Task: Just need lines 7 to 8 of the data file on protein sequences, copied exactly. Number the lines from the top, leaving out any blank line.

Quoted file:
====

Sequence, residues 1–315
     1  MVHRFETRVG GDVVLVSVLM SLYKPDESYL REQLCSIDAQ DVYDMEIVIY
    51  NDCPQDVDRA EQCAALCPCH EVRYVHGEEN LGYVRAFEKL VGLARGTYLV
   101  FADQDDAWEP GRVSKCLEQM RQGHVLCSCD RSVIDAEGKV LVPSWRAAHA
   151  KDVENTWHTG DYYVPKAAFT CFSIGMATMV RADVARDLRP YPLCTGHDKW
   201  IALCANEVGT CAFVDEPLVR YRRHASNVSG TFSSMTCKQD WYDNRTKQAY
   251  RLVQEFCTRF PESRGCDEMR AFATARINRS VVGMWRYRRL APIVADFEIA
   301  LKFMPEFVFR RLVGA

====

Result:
   251  RLVQEFCTRF PESRGCDEMR AFATARINRS VVGMWRYRRL APIVADFEIA
   301  LKFMPEFVFR RLVGA